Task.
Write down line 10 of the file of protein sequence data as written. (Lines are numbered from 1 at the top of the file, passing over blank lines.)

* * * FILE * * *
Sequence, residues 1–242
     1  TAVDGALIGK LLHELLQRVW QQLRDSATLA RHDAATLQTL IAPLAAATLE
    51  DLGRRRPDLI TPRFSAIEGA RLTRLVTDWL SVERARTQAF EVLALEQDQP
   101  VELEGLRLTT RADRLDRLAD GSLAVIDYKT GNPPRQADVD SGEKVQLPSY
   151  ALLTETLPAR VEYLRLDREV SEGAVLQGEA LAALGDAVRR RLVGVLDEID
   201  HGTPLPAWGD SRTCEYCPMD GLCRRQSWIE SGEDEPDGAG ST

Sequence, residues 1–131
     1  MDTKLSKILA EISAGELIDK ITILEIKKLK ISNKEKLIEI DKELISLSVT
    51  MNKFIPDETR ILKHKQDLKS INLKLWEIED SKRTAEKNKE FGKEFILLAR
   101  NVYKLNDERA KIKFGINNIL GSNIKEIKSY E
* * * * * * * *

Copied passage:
   101  NVYKLNDERA KIKFGINNIL GSNIKEIKSY E